Second Presbyterian, Indianapolis, Indiana, USA

Second Presbyterian, Indianapolis, Indiana, USA


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Mystery Worshipper: Noogalator
Church: Second Presbyterian
Location: Indianapolis, Indiana, USA
Date of visit: Sunday, 3 May 2009, 9:30am

The building

The congregation was organized in 1838, splitting from First Presbyterian Church over theological issues. The present building dates from 1959 and replaces an earlier church at a different location. It is beautiful and unmistakably Gothic, surrounded by beautiful grounds. Inside, the sanctuary is wide and spacious and leads the eye to focus on the communion table. Behind the communion table are tiered choir stalls, some of the organ pipes (the majority are in a rear gallery), and a large stained glass east window.

The church

Its first pastor was the noted abolitionist preacher Henry Ward Beecher, brother of Harriet Beecher Stowe, who wrote the powerful anti-slavery novel Uncle Tom's Cabin. They conduct a number of outreaches in the community as well as fellowship groups, classes and special events, all too numerous to mention. See their website for details. This is a large church with several traditional as well as non-traditional services each Sunday.

The neighborhood

Indianapolis is the capital of Indiana. As such, its economy is heavily dependent on state government but also on education, health care and finance. The city hosts numerous conventions and sporting events. Of these, perhaps the most well known is the annual Indianapolis 500 automobile race, the largest single-day sporting event in the world. The church is located in an upscale but not particularly fancy section of Meridian Street, which forms the east-west boundary for street addresses in the city.

The cast

The Revd David Berry, associate pastor for mission, led the service. He was assisted by the Revd Karen Lang, associate pastor for pastoral care. The preacher was the Revd Dr Lewis Galloway, senior pastor.

What was the name of the service?

Sunday Morning Worship.

How full was the building?

Probably about half full, although in a sanctuary that size it is hard to tell.

Did anyone welcome you personally?

Someone gave us a ride up to the church in a golf cart. The ushers were also really friendly. They were not shaking hands, though, because of the swine flu scare.

Was your pew comfortable?

Yes. Padded pews.

How would you describe the pre-service atmosphere?

Reverent chatter. Some chatter before the service, but it was silenced when the prelude started.

What were the exact opening words of the service?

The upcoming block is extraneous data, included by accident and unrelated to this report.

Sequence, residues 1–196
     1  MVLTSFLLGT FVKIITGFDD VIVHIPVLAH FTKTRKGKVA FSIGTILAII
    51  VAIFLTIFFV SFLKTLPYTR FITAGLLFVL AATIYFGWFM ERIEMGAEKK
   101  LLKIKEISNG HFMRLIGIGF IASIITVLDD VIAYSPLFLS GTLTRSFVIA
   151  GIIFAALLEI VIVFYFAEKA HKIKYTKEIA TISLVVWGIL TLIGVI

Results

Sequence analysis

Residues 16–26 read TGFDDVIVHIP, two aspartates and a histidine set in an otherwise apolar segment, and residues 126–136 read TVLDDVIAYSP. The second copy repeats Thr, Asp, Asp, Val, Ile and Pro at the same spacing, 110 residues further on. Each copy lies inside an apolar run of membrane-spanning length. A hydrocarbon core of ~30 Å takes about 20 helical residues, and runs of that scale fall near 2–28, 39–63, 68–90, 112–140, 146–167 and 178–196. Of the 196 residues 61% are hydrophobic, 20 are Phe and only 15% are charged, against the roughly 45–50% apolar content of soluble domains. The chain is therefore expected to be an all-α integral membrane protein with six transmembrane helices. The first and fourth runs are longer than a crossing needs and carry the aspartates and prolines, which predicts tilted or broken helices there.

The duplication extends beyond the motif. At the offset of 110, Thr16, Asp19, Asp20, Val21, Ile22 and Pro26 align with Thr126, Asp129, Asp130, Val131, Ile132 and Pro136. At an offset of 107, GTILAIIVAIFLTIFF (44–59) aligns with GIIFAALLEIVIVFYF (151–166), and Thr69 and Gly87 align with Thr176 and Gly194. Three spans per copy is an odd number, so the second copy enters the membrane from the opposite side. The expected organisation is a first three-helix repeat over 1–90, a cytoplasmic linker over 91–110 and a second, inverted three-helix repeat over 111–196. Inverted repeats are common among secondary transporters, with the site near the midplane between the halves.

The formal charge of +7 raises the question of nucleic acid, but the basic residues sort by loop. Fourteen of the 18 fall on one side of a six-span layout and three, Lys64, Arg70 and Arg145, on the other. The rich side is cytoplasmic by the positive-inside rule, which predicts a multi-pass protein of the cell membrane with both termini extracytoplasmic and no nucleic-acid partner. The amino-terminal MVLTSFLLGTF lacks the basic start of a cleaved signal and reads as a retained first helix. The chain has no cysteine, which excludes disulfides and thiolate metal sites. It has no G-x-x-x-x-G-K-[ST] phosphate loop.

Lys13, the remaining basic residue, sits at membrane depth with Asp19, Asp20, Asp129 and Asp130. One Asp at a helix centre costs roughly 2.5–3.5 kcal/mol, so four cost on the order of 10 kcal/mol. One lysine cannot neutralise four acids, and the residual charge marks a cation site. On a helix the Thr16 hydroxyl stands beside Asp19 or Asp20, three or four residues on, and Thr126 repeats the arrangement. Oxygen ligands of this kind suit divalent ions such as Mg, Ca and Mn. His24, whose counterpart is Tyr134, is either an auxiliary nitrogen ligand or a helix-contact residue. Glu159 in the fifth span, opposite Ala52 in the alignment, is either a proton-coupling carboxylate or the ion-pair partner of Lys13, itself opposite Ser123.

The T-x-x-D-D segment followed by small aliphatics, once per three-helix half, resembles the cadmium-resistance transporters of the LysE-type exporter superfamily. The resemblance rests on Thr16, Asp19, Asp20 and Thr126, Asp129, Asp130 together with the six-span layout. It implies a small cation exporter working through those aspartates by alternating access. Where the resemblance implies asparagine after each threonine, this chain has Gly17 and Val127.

It was a warning about shaking hands and the swine flu scare.

What books did the congregation use during the service?

The Holy Bible, New Revised Standard Version, and Hymns, Psalms and Spiritual Songs.

What musical instruments were played?

Organ, an Æolian-Skinner opus dating from 1968 and refurbished by the Schantz Organ Company of Orrville, Ohio, in 2003.

Did anything distract you?

The choir marching forward during the processional and then retiring to the choir loft in the back right afterward.

Was the worship stiff-upper-lip, happy clappy, or what?

The worship was from the heart. While it was very traditional, anyone would have felt welcomed.

Exactly how long was the sermon?

17 minutes.

On a scale of 1-10, how good was the preacher?

9 – Dr Galloway commanded the attention of the congregation while speaking in a style that anyone could understand. He occasionally used some hand gestures, but not enough to distract me.

In a nutshell, what was the sermon about?

The sermon was basically about trusting in God and following where the Shepherd was leading.

Which part of the service was like being in heaven?

Wonderful music, wonderful preaching, wonderful building, wonderful people.

And which part was like being in... er... the other place?

No eucharist. I thought since it was the first Sunday of the month (when most Protestant denominations have the eucharist) they would be having the eucharist, but they did not.

What happened when you hung around after the service looking lost?

We could not stay, as we had another event we had to be at afterward.

How would you describe the after-service coffee?

As I said, we weren't able to stay, but I don't drink coffee anyway.

How would you feel about making another visit (where 10 = ecstatic, 0 = terminal)?

8 – I am a seminarian in a different tradition so I would not be able to make this my home church. But if it were not for that, this seemed like a comfortable and pleasant place to worship God.

Did the service make you feel glad to be a Christian?


What one thing will you remember about all this in seven days' time ?

For the postlude, the organist played a fantasia on the hymn All Creatures of Our God and King. It was gorgeous.

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